Universe Column for August 15th 2004
by David Alton
As we enjoy our summer holidays it’s worth sparing a thought for the people of Burma and those who are holidaying in a country that uses forced labour to prop up its tourism industry.
I’ve recently been in a spate of correspondence with people who argue that its time to welcome back the tourists to Burma. But before travel companies start counting their profits and tourists start packing their bags it’s worth remembering that the tourism infrastructure has cost people their lives.
Some people say this is a figment of the imagination. The facts reveal a different picture.
In 1998 the International Labour Organisation said that:
“ Forced labour is used for the benefit of private investors in development, public works and tourism projects. Widespread use of forced labour on a significant scale supports the development of tourist infrastructure., In Myanmar (Burma), most of the money made in the tourist industry is made in the airline and hotel industries, owned in part by foreign companies from Hong Kong, Malaysia, Singapore and Thailand. These companies have reported benefits from the increased profits during 1996 Visit Myanmar Year, attributable in part to work of forced labourers on tourist attraction projects.”
They give a specific example of forced labour on hotels:
Forced labour was used for other projects including the Student Sport Festival in Chin and Rakhine States, hotels in Rakhine State.”
The accompanying note says:
“ There is information that forced labour was used in 1995 on the construction of the Sittway Hotel, at the beach near Sittway (Akyab), and in 1994 for construction of a hotel south of Ngapali, projects which were reportedly owned by senior members of the State Law and Order Restoration Council (SLORC).”
It’s not just forced labour on hotel projects, but the raft of abuses that accompany tourist development. More than one million people have been forced out of their homes in order to ‘beautify’ cities, suppress dissent, and to make way for tourism developments, such as hotels, airports and golf courses. Forced labour was used to rebuild the moat surrounding the Golden Palace in Mandalay and a railway line near Pagan’s temple complex. The new airport at Mandalay, which opened in 2000 specifically to handle international flights, was built with forced labour and many people were forced from their homes to make way for the project. The 2001 US State Department Report on Human Rights, reports that in Mrauk U, Arakan State “the government used forced labour to prepare the city for expected tourist arrivals.”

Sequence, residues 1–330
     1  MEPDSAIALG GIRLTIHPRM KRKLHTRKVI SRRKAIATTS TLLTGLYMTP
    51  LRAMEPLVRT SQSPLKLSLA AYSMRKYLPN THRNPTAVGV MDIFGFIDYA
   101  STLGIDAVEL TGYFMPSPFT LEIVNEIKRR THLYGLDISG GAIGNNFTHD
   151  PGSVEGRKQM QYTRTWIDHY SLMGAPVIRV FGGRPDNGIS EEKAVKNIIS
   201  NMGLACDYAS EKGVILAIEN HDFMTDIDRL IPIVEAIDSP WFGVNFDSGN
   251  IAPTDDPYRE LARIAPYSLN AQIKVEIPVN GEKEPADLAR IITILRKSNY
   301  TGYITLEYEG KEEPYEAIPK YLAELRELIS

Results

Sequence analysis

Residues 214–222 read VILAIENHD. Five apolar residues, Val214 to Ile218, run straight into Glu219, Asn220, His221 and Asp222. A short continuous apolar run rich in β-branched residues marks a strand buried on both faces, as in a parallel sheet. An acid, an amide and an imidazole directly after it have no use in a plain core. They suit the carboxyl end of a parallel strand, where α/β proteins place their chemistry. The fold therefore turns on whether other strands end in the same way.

Some recent reports show that this is not a thing of the past.
Recently it was revealed that a large number of valuable timber trees were being felled for the construction of a tourism complex, in Ngapali sea beach of Sandoway in Arakan state, by the Burmese and that locals were being used as unpaid forced labour.
Other reports described how villagers were being used for forced labour for various works like construction of houses, locating of specific trees and logging them without any payments. One victim said, not only do the villagers have to supply their physical labour free of cost but also have to provide buffaloes.
” We are being forced by the military personnel,” said a villager of Khamong. The villagers not only have to work without any payments but they even have to manage food and water on their own.
Another recent report described how sea gypsies (the Salons) have been turned into a human zoo for the benefit of tourists.
And if all this doesn’t trouble the conscience of tourists travelling to Burma, they should take a look at the most recent International Labour Organisation report which says that the Burmese “are not serious about eliminating forced labour” that villagers are still being used “against their will to carry out assignments such as building roads” and that “there is evidence that troops are using Burmese citizens as human minesweepers.”
No happy holidays for them.
For the Uyghurs, Genocide is a word which dares not speak its name. For the sake of women like Rahima Mahmut, Gulzira Auelkhan, Sayragul Sauytbay, and Ruqiye Perhat – whose heart-breaking, shocking, stories are recorded here – it’s time that the crime of genocide was given definition in the UK. On January 19th Parliament can use its voice and speak that name – insisting on justice for victims of Genocide and refusing to make tawdry trade deals with those responsible for the crime above all crimes.
For the Uyghurs Genocide is a word which dares...